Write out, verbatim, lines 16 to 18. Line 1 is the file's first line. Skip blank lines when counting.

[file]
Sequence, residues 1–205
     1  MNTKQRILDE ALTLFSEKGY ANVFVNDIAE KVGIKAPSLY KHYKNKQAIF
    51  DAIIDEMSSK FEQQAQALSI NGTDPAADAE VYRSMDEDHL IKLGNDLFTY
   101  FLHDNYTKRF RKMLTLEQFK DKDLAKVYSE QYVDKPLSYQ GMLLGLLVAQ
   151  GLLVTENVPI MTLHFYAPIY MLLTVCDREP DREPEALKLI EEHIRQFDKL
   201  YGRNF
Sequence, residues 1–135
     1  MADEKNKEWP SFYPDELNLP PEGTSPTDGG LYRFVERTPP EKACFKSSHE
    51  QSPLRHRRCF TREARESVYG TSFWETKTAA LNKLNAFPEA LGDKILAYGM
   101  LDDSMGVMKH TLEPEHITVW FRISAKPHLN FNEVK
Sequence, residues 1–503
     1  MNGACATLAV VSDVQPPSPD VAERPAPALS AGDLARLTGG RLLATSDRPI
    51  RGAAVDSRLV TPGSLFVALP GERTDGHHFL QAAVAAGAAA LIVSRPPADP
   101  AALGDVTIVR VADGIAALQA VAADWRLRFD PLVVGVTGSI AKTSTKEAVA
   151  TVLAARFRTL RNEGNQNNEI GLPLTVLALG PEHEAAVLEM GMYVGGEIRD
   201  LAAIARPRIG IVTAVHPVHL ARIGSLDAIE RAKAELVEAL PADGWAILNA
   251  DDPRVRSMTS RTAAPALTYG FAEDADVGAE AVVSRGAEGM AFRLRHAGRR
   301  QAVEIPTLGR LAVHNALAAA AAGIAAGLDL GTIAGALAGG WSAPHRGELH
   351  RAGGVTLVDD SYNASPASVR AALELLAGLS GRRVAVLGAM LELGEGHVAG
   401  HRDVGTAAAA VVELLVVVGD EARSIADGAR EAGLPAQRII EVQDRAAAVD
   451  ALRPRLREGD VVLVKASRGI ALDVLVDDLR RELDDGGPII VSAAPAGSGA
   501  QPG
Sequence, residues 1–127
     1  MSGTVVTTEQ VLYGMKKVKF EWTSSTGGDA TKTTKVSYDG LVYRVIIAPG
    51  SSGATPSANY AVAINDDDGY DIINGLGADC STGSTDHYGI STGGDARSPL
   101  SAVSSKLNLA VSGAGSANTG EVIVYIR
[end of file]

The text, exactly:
   201  LAAIARPRIG IVTAVHPVHL ARIGSLDAIE RAKAELVEAL PADGWAILNA
   251  DDPRVRSMTS RTAAPALTYG FAEDADVGAE AVVSRGAEGM AFRLRHAGRR
   301  QAVEIPTLGR LAVHNALAAA AAGIAAGLDL GTIAGALAGG WSAPHRGELH